Saturday, September 28, 2013

Browning meat

When making stews, I have been wary of recipes that imply that you can soften or brown onions first, and then add meat to be browned in the same pan. If you turn up the flame to the level you need to get the browning process to work, you burn the onions. Keep the flame low, and you simply stew the meat in its juices.

Or you can take the onions out of the pan first. This seems fiddly: you need to remove every last bit of onion, or you will have charred remnants tainting the flavour of the dish. However, it occurred to me that if you followed this schedule, you might get the meat to brown more quickly – for the same reason that when you brown meat in batches, you need less time for the later ones.

This theory did indeed work out when I made a stew with slices of belly pork. They browned, over a medium heat, in little more than a minute. The only problem is one I often find when I fry larger pieces of meat: the exposed areas of the pan get too hot, and char. I’d like to cook everything in one pan, but am reluctant to do so when parts of its surface are blackened.

Saturday, September 14, 2013

Chicken tikka, simplified

Forced compromises can sometimes lead to happy discoveries. For example, you don’t always need to include a huge medley of spices in a dish. Because of aversions among some members of my family to cumin, coriander, cardamom, and other traditional ingredients of Indian dishes, I included only three spices in this baked chicken dish, which we took on a picnic. We all loved it.

2 chicken supremes, cut into fork-sized pieces
2 cloves garlic, crushed into a pulp with a little salt
1tsp turmeric
1/2tsp ground ginger (I would have used grated fresh ginger if there had been some in the house
Cayenne pepper to taste
About 2tbsp Greek yoghurt
Lime juice

Toss the ingredients in a baking dish. There should be just enough yoghurt to coat the chicken. If you have time, leave the chicken to marinate in the fridge, covered, for a few hours.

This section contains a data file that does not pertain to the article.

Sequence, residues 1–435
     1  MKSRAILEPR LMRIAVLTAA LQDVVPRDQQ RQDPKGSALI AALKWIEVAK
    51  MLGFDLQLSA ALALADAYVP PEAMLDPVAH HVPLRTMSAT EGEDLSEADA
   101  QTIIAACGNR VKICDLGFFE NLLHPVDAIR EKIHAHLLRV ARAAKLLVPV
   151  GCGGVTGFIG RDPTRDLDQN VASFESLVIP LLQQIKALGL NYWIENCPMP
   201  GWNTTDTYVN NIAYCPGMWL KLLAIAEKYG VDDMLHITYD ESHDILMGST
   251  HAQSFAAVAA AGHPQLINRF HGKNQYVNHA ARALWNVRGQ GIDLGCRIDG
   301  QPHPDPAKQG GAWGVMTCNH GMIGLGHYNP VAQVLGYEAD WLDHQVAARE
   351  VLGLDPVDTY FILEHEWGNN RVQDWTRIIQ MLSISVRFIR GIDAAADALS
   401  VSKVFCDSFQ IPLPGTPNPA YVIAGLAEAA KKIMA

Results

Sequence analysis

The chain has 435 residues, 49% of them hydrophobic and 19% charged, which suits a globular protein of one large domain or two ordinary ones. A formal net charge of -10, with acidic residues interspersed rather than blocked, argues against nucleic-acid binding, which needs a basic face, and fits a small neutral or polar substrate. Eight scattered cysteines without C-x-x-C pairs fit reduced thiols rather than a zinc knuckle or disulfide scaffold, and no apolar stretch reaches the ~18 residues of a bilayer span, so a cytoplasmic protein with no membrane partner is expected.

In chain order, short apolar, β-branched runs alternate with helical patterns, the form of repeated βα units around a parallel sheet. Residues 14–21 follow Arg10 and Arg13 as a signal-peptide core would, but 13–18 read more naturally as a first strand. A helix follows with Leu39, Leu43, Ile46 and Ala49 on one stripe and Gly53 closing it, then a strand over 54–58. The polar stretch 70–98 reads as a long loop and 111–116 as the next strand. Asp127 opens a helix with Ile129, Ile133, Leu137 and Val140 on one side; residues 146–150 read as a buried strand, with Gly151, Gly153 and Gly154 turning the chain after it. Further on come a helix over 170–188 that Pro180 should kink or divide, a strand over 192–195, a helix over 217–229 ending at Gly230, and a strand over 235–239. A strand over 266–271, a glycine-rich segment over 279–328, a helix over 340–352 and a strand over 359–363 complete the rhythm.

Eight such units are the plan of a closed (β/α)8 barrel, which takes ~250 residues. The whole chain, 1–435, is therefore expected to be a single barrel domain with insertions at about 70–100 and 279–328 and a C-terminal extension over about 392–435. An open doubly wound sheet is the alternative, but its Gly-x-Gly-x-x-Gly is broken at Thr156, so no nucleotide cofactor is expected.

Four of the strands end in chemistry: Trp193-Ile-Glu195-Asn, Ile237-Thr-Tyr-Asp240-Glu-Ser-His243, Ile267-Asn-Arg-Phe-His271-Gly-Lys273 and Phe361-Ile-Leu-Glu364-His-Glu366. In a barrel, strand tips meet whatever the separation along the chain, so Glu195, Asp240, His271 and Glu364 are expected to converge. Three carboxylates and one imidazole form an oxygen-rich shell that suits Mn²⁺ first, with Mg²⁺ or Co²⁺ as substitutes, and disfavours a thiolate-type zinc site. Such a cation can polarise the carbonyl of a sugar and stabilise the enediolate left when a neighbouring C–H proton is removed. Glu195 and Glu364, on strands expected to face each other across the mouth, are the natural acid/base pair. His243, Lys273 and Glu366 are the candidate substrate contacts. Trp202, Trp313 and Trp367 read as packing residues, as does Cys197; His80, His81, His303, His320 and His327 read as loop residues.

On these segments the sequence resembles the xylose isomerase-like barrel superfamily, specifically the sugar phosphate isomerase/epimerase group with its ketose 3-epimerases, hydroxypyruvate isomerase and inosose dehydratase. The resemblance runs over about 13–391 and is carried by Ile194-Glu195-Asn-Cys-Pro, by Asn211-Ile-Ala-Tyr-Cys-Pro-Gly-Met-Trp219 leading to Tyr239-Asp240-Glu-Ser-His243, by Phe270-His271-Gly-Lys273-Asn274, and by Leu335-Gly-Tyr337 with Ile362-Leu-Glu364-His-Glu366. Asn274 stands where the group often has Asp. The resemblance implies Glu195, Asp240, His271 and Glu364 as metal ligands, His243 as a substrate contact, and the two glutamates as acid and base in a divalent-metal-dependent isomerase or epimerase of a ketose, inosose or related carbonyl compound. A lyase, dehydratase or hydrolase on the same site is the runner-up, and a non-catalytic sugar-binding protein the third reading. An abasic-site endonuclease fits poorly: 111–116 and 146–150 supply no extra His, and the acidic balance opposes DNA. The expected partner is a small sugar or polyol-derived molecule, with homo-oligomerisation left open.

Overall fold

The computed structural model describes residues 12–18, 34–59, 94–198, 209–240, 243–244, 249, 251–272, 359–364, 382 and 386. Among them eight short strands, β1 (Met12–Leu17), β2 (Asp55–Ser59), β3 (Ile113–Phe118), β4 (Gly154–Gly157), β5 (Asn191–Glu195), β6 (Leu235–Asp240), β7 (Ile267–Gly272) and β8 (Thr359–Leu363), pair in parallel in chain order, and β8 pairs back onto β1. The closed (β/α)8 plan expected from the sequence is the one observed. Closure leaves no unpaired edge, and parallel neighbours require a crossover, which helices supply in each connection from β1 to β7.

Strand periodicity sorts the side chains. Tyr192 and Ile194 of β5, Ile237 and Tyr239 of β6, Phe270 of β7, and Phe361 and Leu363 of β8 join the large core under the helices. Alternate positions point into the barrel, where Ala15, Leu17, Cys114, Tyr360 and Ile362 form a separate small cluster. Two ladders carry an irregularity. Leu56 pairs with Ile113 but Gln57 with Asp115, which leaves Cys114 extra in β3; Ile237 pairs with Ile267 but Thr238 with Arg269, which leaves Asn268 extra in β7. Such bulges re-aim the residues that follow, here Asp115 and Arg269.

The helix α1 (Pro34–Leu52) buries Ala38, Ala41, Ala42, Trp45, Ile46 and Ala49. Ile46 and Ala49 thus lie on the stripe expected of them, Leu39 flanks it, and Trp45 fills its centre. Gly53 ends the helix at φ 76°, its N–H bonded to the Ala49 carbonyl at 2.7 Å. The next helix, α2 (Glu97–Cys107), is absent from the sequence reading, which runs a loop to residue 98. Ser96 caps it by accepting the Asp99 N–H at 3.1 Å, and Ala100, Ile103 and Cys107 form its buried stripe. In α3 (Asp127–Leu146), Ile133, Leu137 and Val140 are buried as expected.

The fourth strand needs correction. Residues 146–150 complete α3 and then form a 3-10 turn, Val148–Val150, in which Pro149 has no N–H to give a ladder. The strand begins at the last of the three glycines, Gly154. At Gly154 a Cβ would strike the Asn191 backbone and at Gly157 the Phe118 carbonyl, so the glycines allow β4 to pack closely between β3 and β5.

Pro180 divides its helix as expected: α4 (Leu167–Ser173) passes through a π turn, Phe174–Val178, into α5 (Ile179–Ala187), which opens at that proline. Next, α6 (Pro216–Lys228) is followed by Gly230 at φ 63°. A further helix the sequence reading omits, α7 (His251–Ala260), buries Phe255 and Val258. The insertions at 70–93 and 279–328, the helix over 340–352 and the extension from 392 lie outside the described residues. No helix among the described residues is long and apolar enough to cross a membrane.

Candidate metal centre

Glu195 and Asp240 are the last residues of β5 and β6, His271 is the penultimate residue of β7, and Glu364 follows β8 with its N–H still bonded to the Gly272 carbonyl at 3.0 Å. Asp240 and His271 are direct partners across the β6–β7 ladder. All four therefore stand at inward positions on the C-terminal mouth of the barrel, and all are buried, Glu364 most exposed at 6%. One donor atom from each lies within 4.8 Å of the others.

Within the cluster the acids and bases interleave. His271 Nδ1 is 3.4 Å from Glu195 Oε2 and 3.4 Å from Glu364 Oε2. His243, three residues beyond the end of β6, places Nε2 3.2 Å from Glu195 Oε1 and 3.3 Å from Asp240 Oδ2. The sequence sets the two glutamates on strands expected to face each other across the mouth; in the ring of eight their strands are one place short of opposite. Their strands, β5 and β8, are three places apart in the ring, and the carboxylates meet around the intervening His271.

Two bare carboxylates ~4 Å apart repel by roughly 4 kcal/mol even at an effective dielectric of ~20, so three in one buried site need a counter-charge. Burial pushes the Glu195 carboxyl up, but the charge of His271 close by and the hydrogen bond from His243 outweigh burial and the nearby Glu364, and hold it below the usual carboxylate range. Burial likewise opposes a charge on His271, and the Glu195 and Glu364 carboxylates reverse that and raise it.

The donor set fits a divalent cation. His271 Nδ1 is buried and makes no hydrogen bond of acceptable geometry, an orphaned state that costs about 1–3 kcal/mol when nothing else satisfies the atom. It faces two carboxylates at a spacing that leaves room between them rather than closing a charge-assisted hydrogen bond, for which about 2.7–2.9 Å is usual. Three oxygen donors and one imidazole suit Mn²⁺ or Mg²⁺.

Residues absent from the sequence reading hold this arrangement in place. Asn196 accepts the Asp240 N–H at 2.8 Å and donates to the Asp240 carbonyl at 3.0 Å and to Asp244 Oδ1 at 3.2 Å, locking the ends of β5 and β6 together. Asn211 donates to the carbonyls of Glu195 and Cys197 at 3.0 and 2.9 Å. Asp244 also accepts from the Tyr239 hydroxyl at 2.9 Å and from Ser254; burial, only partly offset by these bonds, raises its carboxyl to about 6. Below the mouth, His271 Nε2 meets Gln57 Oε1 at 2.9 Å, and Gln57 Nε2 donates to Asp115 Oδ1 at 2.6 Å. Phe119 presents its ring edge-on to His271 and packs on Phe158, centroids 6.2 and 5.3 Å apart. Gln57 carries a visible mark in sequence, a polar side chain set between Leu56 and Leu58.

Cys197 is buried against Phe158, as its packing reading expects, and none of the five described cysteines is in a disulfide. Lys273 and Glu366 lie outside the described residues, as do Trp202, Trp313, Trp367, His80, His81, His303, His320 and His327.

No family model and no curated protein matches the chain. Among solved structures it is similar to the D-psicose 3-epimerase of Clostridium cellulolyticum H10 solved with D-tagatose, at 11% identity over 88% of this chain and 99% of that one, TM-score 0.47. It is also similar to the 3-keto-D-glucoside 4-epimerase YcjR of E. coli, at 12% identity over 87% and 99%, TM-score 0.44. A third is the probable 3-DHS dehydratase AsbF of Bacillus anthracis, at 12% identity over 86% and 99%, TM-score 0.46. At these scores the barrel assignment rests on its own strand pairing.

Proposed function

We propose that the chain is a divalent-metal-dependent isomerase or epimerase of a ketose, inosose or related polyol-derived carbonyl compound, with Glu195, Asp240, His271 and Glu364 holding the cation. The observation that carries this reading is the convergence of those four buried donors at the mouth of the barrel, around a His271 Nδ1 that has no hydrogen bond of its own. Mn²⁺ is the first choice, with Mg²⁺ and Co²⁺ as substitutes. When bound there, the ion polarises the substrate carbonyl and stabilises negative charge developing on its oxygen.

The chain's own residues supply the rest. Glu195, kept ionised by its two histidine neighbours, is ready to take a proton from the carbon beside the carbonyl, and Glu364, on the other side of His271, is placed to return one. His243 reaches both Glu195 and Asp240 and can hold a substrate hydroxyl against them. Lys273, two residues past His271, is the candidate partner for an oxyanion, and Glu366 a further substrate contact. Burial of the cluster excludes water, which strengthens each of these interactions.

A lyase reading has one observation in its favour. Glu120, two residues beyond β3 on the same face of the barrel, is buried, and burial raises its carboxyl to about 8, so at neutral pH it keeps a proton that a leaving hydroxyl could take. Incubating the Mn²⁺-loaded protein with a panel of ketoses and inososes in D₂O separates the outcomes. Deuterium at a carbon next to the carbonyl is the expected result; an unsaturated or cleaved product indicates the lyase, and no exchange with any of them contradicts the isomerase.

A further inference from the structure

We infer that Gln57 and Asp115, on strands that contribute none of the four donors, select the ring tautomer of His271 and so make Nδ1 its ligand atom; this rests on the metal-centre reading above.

Put the dish in a hot, gas mark 8 (230C) oven for about 20 minutes, until the chicken has a reddish brown glaze and is cooked through.

Sunday, September 01, 2013

Chicken with lemon, garlic, and rosemary

A Nigella Lawson recipe for baked chicken and lemon asks you to cover your pan at first, before uncovering it to allow the meat to brown. This is not a great idea if you use a jointed chicken: the breast pieces will overcook and toughen. But it works well with thighs and drumsticks. They become very tender, as does, in this version, the garlic. When I made it last week, I used drumsticks only.

I have a heavy, shallow, 28-inch casserole. A roasting tin, with foil as covering, would work too.

12 chicken drumsticks
As much garlic as you like, separated into cloves, unpeeled
1 lemon, quartered
2 sprigs rosemary
2tbsp olive oil
Salt, pepper

Put the ingredients in a heavy, wide casserole or roasting tin, toss them thoroughly, and bake, covered, in a gas mark 6/200C oven for 45 minutes. About half way through this time, give the ingredients another stir. If they are bubbling too fiercely, turn down the heat.

Remove the lid or foil, reset the dial to 6 if necessary, and cook for a further 30 minutes, to brown the meat and reduce the sauce.

Very simple, and delicious.